Tuesday 24 October 2017

Dingoes and Sighthounds

Berenice believed the dingo was a primitive breed of dog not a wild dog. 1 Was she right? Will we ever know for sure? Her article here, written in 1998 makes for interesting reading.
Just How Unique is Our Dingo?
By Berenice Walters c. 1998
After fifty years (well, forty-eight to be exact) experience in the breeding, training and exhibiting rural working dogs as co-owner of Wooleston Kennels, I consider myself well experienced in matters relating to rearing, breeding, handling and training of dogs generally. However, as with my introduction to obedience training in the late 60's, and later to Dingoes, whole new dimensions were revealed; i.e. I still had a lot to learn.
Over the 18th and 19th centuries in particular, knowledge of dogs centred on rural working dogs and dogs used for hunting and sport.  The Dingo certainly differed from these.  But is it truly unique. 
Let's look at the following:
  • Females often do not have first season till between two and three years of age; have only one annual season, may not ovulate until day l6 or later, even as late as day 24. 
  • Can be more sensitive to certain anaesthetics than other dogs because of low amount of body fat and decreased liver metabolism of some anaesthetics though suitable anaesthetics are now available.
Interesting stuff, you say!   Dingoes sure are way out.  But wait for it, the above is an excerpt from articles on sighthounds Anaesthesia in Sighthounds by Michell Kornet. D.V.M. and Sighthound Breeding and Whelping by Karen Lee.
Our first Dingo to be anaesthetised was one morning in 1976.  At 10pm he was still flaked out in front of the fire.  Concerned, I contacted our vet, Jim Della-Vedova, who suggested I closely monitor him, making the comment that Dingoes appear to be sensitive to anaesthetic as do sighthounds.  Three days later he was fully recovered. 
I was intrigued by Jim's comment on sighthounds and thereby digested all the information I could on these very ancient breeds of dogs - the Pharaoh, Ibezen, Greyhounds, Whippets, Saluki, Afghan to name a few with whom I have had contact.  Despite thousands of years of domestication these sighthounds remain unique in so many ways, so similar to Dingoes. I wonder how the wolf compares.  I would expect it to have similar problems.
I was recently informed that some Dingoes in captivity were already coming in season outside the normal breeding season, the time of declining light.  Well, in the 24 years I have been with Dingoes, with documentation covering hundreds of individuals, only one, a hybrid, had an out of season heat, in November, and that was a very short and a one off occasion.  I just wonder how many of these so-called Dingoes are really Dingoes!  From my experience they are probably hybrids as some zoo bred animals have proven to be.  This is very sad for the breed.  Unfortunately, we also have case histories of genetic diseases such as hip dysplasia (we have been x-raying for this deformity since 1978), monorchids, over and undershot jaws, valgus deformity of the pastern, the latter two found in wild bred stock.  In the wild, dingoes with such deformities would be unlikely to breed, even survive, nature being such a stringent culler, but in the hands of ignorant or unscrupulous breeders and a very limited gene pool, our magnificent native dog could become a derelict of its former self.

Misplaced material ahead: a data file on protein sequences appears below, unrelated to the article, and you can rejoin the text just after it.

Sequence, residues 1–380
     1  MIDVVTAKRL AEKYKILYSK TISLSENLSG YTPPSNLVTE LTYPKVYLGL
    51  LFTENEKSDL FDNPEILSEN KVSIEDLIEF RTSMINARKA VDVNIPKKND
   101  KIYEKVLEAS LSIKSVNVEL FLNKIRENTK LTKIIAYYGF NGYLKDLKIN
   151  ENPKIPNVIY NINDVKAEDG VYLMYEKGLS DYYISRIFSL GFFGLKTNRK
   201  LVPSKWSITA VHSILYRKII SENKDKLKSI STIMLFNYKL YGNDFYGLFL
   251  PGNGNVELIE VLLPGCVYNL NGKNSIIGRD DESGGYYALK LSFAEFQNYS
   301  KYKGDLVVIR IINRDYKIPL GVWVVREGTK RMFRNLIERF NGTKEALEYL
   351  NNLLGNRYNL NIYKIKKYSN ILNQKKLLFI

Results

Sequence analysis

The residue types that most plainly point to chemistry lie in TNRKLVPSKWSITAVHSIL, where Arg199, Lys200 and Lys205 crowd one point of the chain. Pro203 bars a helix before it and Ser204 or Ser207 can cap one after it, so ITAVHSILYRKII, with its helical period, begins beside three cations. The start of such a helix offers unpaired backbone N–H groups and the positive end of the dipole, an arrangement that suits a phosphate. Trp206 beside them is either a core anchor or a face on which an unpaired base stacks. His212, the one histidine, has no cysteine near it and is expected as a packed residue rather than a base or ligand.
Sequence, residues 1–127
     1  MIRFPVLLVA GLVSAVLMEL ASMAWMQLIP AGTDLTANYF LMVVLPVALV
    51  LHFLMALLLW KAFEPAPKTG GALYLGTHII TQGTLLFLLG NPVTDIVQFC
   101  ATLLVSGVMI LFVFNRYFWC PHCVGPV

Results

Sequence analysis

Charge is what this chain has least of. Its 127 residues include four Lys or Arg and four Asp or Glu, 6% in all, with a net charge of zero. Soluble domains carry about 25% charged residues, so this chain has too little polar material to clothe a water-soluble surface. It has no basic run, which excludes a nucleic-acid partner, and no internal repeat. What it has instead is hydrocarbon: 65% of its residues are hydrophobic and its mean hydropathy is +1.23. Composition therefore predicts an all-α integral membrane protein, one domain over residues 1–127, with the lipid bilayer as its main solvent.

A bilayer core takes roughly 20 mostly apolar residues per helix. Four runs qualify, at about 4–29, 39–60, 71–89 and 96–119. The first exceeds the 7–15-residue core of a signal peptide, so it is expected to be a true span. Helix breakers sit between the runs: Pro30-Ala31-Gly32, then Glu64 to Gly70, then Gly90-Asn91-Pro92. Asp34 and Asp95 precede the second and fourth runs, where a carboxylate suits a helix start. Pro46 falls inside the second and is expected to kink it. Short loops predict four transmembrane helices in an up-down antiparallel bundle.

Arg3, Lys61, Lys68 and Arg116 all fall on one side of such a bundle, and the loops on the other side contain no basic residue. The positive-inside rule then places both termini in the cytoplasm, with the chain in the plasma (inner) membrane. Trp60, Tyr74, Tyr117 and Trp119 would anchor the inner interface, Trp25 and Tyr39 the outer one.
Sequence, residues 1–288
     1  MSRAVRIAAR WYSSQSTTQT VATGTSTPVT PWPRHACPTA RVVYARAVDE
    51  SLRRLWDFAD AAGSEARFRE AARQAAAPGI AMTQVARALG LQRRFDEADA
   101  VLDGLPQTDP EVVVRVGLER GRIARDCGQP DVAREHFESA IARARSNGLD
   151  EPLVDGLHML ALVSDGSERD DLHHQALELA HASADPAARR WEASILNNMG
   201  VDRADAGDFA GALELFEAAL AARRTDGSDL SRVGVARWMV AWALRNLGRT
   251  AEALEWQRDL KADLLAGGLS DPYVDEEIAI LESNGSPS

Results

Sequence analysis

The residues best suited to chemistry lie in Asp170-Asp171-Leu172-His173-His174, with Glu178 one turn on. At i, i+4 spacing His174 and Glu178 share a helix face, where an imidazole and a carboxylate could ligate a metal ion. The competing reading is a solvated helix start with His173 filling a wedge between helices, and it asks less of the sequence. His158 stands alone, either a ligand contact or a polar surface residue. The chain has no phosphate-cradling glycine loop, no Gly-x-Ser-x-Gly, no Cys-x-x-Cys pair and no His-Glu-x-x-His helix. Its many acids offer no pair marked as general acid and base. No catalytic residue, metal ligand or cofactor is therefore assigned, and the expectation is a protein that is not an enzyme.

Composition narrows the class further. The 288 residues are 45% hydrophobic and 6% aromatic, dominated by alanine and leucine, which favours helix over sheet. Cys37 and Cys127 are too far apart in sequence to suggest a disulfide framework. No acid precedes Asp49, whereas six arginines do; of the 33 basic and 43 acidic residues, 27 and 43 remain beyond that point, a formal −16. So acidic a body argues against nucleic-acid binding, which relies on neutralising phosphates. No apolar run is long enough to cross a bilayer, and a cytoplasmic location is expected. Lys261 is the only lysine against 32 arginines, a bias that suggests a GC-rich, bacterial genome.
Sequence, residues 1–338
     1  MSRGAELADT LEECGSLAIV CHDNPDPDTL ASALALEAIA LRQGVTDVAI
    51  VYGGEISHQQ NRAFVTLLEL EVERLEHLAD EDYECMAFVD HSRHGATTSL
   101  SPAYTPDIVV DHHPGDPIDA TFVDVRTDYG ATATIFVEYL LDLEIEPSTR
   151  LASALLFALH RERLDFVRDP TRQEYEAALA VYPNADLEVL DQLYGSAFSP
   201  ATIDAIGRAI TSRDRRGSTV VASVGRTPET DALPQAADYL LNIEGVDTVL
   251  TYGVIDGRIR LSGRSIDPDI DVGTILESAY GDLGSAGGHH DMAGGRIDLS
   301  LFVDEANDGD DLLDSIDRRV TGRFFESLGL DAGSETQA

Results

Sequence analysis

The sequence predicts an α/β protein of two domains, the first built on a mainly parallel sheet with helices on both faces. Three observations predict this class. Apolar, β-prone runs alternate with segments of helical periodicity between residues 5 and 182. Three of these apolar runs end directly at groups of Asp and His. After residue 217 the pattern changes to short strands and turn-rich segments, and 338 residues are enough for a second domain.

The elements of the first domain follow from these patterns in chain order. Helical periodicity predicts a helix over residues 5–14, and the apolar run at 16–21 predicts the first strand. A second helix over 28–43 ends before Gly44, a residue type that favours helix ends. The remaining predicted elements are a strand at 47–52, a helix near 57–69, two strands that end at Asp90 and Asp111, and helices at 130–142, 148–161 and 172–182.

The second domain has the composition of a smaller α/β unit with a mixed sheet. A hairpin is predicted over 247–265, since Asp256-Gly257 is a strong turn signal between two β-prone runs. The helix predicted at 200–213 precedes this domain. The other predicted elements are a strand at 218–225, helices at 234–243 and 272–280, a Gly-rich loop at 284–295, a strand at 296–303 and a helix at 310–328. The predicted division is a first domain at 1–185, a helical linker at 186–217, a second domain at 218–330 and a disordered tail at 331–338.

Being a woman in a man's world of dogs, I have been rubbished by the best but have managed to carry on regardless fuelled by my obsession with Dingoes.  I have never seen a Dingo in the wild.  However, the behaviour attributed to the Dingo in the wild is frequently enacted in captivity.  For instance, when I let the Dingoes out of a morning, they rush to carefully check out their territory boundary; to very slowly and methodically check the fence line for any intruders. 
If I've returned home with a house Dingo, particularly a male, he will excitedly rush to get back into the yard to first check the fence line, particularly gateways, then every item in the house.  The scenting ability of our native dog never ceases to amaze me.  There have been many instances of dogs bred at Merigal picking out mail after it has been several days in the post and coming in contact with thousands of other articles. 2
By contrast, Cattle dogs released into their day runs exuberantly run up and down fences, barking and generally having a ball and with no thought of survival tactics such as searching for evidence of intruders.
Yes, Dingoes are very different from rural working dogs, but they certainly fall into line with sighthounds in many respects.  Years ago, some believed that if the Dingo was ever accepted as a registrable breed of dog it should be within the Working Dog Group!  We vehemently disagreed and were very pleased, and relieved when the National Kennel Club followed our lead classifying the Dingo as a Hound breed.
Edited by Pamela King © 2015
  1. It should be remembered that this article was written before the dingo was declared a separate species to both domestic dogs and wolves.
  2. What is even more amazing than Berenice’s experience occurred more recently when I mailed copies of Berenice’s book to two people who had dingoes. The books had been stored with Berenice’s records for several years.  In both cases the dingoes of the people who received the parcels would not leave they alone. They continually sniffed and pawed at the packages.

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